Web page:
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6

I think the answer is way more simple that that offered in the other answer: The first person to give an Ayin Hara or attempt it was Billam. He had only one functional eye. Therefore we called it Ayin Hara.


5

Ben Ish Hai (Shana Bet Parashat Pinehas sim. 13) actually endorses the Hamsa. A few months ago, I asked HaGaon HaRav Meir Elyiahu Shelit"a this question (question 108 on RabiMeir.com): שמעתי שקדן גדול בהיסטוריה, כי חמסה היא מן התרבות המוסלמית, ולכן החלטתי לתפוס לדעת כי היא, שאסור להשתמש בהם. האם זה נכון He answered: צורת החמסה אכן לקוחה מאגדה ...


4

It would seem the Mishnah Berurah disagrees with Reb Moshe. In Hilchos Kriyas Hatorah (Orach Hachaim 141:6) it is brought that two brothers should not be called up one after the other, and he says that that's even if they are not Makpid. This seems to indicate he thinks Ayin Hara does affect those who do not care.


4

Reb Moshe in the Iggras Moshe (אה''ע חלק ג' סימן כ''ו) says NO. Even though the Gemara (פסחים ק''י ע''ב) says the Heter by Zugos (eating or drinking paired items) non the less Reb Moshe says the same applies to Ayin Hara.


4

Here is an excerpt from Kovetz Minhagim, An Anthology of Chabad Lubavitch customs regarding pregnancy, childbirth, circumcision, redemption of the firstborn, and the birth of girl: It is the custom of chassidim who are careful to conduct their lifestyles according to the practices of old that they conceal their wives' pregnancies until they have ...


3

Ohr Somayach “ask the Rabbi” explains, here is an extract: What happens is the following: One person who has what another person lacks is "careless" and lets the other person see what he has. This causes pain to the other person, and his cry goes up to the Heavenly court. We say "Bli Ayin Hara" (literally "Without the Evil Eye") as a prayer ...


3

The Chida in his Sefer Pnei David says since it is the way of people to close one eye it is called Ayin Hara he only uses one eye!!


3

The Wikipedia page discusses how it pre-dates Islam and seems to have pagan origins, which would be a worse problem. Good luck charms are problematic on their own, but pagan ones are definitely assur.


3

Obviously you won't find any clear proof one way or the other. I'll just mention that the Tzemach Tzedek (OC siman 38) entertains the possibility that this procedure is effective for certain ailments, to the extent that he allows it to be performed on Shabbos (because of the possibility that it might save a life). For a discussion about which people do this ...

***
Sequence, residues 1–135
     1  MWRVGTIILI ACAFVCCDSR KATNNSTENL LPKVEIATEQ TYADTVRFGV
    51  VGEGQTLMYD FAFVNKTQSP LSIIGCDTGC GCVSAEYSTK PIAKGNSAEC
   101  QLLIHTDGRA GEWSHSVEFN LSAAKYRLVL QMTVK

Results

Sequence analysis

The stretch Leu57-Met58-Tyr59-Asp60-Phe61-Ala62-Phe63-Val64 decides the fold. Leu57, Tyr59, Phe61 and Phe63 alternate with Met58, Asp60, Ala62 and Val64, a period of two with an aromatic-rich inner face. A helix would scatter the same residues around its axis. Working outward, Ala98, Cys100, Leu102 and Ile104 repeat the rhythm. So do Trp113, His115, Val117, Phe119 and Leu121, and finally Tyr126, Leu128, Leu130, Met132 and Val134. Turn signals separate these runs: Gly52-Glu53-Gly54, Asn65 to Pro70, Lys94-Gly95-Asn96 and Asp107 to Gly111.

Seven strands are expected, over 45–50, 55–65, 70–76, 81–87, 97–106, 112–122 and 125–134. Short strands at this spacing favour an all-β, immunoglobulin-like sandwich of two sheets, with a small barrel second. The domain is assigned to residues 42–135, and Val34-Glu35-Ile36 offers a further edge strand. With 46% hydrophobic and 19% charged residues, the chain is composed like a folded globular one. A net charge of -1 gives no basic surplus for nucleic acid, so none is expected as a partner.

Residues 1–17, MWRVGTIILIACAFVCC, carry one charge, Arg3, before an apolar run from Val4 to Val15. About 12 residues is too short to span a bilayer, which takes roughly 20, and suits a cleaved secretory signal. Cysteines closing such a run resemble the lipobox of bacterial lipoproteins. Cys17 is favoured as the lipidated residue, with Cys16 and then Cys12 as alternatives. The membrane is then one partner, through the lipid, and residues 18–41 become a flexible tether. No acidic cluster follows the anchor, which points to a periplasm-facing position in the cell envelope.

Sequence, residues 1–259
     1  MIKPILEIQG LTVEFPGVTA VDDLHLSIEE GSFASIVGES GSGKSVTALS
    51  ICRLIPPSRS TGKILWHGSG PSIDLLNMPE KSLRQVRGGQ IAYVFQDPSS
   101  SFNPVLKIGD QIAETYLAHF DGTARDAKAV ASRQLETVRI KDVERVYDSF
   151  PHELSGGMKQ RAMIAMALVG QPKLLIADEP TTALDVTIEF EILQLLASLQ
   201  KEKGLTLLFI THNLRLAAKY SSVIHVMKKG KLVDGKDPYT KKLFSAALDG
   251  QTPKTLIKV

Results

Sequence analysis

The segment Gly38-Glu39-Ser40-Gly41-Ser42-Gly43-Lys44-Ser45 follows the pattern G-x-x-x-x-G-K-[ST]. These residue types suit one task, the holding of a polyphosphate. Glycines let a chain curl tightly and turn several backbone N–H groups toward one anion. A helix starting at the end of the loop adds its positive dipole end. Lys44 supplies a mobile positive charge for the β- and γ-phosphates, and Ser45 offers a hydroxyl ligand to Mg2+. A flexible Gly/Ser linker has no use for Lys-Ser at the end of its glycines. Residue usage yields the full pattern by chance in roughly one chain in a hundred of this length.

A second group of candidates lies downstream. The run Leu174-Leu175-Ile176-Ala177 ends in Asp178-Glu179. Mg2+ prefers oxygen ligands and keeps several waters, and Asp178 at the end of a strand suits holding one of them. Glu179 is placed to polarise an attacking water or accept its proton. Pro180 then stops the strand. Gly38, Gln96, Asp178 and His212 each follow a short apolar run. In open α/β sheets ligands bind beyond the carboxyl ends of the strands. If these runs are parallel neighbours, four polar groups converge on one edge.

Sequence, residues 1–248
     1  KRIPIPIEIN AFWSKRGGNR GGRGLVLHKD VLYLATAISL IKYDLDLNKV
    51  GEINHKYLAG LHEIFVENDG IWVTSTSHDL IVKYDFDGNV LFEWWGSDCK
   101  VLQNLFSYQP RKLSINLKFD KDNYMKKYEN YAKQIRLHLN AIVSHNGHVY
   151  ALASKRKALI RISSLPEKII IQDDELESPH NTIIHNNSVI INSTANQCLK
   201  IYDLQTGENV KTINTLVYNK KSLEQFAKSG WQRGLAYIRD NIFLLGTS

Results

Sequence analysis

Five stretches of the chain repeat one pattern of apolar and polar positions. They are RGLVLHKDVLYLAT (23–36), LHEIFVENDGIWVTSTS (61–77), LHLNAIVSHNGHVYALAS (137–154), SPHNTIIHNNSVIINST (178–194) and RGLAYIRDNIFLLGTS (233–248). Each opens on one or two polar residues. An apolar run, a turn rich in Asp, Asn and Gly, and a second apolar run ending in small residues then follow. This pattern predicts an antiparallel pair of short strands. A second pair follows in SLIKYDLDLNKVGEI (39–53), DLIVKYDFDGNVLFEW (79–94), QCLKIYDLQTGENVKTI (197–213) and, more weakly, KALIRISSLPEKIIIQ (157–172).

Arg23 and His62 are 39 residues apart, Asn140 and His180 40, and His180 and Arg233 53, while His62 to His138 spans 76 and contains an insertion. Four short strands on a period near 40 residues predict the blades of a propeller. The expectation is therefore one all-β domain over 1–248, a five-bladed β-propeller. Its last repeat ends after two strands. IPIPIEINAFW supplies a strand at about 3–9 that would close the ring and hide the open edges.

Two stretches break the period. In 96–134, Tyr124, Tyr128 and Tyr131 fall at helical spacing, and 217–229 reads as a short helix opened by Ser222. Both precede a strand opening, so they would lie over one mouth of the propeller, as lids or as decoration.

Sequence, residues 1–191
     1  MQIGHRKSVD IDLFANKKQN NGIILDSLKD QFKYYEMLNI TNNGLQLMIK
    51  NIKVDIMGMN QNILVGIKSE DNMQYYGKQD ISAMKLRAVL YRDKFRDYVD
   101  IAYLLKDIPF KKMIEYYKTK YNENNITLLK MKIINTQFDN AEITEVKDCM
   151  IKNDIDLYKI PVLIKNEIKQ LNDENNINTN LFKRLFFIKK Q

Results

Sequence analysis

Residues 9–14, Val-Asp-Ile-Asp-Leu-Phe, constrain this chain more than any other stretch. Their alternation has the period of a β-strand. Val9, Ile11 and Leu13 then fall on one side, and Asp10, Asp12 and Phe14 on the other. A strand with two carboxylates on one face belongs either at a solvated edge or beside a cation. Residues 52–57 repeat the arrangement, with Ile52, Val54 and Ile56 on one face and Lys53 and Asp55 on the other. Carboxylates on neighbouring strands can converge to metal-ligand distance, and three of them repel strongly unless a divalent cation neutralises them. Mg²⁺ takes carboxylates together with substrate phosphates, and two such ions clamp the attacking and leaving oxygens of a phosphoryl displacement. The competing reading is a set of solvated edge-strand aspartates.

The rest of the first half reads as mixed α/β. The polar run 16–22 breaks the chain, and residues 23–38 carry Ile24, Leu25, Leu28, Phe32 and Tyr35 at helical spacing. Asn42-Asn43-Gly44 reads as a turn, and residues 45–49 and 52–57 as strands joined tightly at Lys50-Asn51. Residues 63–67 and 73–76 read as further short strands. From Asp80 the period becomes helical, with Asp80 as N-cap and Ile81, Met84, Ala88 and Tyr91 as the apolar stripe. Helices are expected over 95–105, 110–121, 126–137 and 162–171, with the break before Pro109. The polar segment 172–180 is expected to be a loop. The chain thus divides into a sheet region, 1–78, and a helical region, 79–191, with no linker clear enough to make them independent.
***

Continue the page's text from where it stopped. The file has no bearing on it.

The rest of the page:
2

I know of no source within Kabbalistic texts that state to do this. Specifically when I asked Rav Kaduri ZTz"L about someone who did it in Jerusalem, he said it was ossur as a Kabbalah Maasit. Second to that, the "procedure" that they do to remove the Ayin HaRa and prove that it has been removed is an old stage trick, my wife showed me how it was done. ...


1

The Ben Ish Chai Shanah Beis parshas Pinchas 13 cites from the gemara in Berachos 20a what pesukim to say to save oneself from ayin harah. He then lists other pesukim as well. See there for the lists of pesukim. Lastly, he cites the custom cites earlier by the Chidah to say Chamsah and make a palm shaped wood piece with the letter of Hashem.


1

This custom is much wider than the Jewish world. Most women do not widely publicize their pregnancies until the third month because the rate of, G-d-forbid, miscarriage drops significantly at week 12. By month 5, women start to show, so it becomes nearly impossible to keep it a secret. However, my wife would ream me out my if I ever lied as a response to ...


1

You cannot do a Mitzva for other people, the same way you cannot breathe, eat or go on diet for other people. Why? Because a Mitzva generates a spiritual reward that you will enjoy in the world to come. If you cause other people to do a Mitzva, you get brownie points for that too. Since your children are in existence because of you, you get some credit for ...


1

As Mekubal said it was deemed to be Kabbala Maasit which was Asured by Rav Chaim Vital through the Ari 450 years ago. My cousin asked this question to Rav Yaakov Moshe Hilel, and he said it was Kabala Maasit. Once, I found some in my house and asked my Rav what to do, he said to through it out.



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